Ta-Nehisi Coates tells Jon Stewart that America’s optimism is misplaced: The arc of history “bends toward chaos”

"It's not hard to know what the Confederate flag meant. How much of that is trying not to know?"

Published July 24, 2015 2:07PM (EDT)

 Ta-Nehisi Coates, Jon Stewart    (Comedy Central)
Ta-Nehisi Coates, Jon Stewart (Comedy Central)

Atlantic senior correspondent Ta-Nehesi Coates, whose revelatory book "Between the World and Me" hit shelves earlier this month, joined "The Daily Show" Thursday night.

Coates told Stewart that, in the process of writing "the letter to his teenage son," he'd been thinking a lot about how much of America's ignorance could be classified as "willful."

"It's not hard to know what the Confederate flag meant," Coates said, as Stewart laughed with recognition."They said it! I mean, how much of that is trying not to know?"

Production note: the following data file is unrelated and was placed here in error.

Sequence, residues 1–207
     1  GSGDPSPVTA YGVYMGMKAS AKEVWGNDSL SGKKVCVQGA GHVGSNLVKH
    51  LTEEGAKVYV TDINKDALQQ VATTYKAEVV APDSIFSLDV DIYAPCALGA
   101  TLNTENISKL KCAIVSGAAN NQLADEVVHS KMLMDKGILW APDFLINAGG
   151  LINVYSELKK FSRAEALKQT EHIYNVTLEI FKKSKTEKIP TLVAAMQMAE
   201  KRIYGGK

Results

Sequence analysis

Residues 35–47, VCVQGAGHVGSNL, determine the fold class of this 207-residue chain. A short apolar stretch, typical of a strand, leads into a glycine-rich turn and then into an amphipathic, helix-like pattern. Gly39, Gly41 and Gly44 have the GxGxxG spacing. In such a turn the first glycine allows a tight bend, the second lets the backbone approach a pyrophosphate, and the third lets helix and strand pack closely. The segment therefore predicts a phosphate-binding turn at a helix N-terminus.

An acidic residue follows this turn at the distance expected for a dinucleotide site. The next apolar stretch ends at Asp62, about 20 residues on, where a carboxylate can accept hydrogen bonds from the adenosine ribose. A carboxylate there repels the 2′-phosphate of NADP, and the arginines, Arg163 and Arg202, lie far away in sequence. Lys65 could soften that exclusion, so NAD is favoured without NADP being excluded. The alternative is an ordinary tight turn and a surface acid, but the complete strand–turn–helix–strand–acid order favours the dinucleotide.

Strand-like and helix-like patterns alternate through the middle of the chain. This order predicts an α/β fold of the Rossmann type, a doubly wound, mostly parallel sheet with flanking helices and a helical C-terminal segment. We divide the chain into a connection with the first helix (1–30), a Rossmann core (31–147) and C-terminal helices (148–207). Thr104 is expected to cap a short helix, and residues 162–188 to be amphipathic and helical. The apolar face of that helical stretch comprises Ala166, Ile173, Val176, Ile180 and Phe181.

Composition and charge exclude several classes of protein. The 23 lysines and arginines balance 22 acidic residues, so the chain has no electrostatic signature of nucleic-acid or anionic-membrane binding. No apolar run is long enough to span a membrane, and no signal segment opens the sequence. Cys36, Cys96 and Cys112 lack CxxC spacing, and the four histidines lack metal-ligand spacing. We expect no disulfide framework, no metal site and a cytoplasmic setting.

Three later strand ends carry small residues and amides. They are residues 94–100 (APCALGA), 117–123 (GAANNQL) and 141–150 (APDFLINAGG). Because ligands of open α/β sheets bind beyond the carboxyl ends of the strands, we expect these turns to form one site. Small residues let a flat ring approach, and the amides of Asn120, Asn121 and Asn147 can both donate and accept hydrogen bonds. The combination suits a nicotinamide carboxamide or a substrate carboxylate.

Stewart also had Coates touch on a recent criticism of his work that he was "more of a 'Malcolm' than a 'Martin.'" Meaning: He's not as optimistic about history's trajectory.

"I feel like [the arc of history] bends toward chaos," Coates said. "And I think the record of history -- and human history -- is behind me."

He continued: "When we talk about arcs I think it's very, very important to respect every individual's arc. So if you were someone who was killed in Auschwitz, that's the end of your arc. And that's devastating. That's tragic. We should not make ourselves feel better about that."

Watch the clip courtesy of Comedy Central below:

By Colin Gorenstein

Colin Gorenstein is Salon's assistant editor of internet and viral content. Follow @colingorenstein or email cgorenstein@salon.com.

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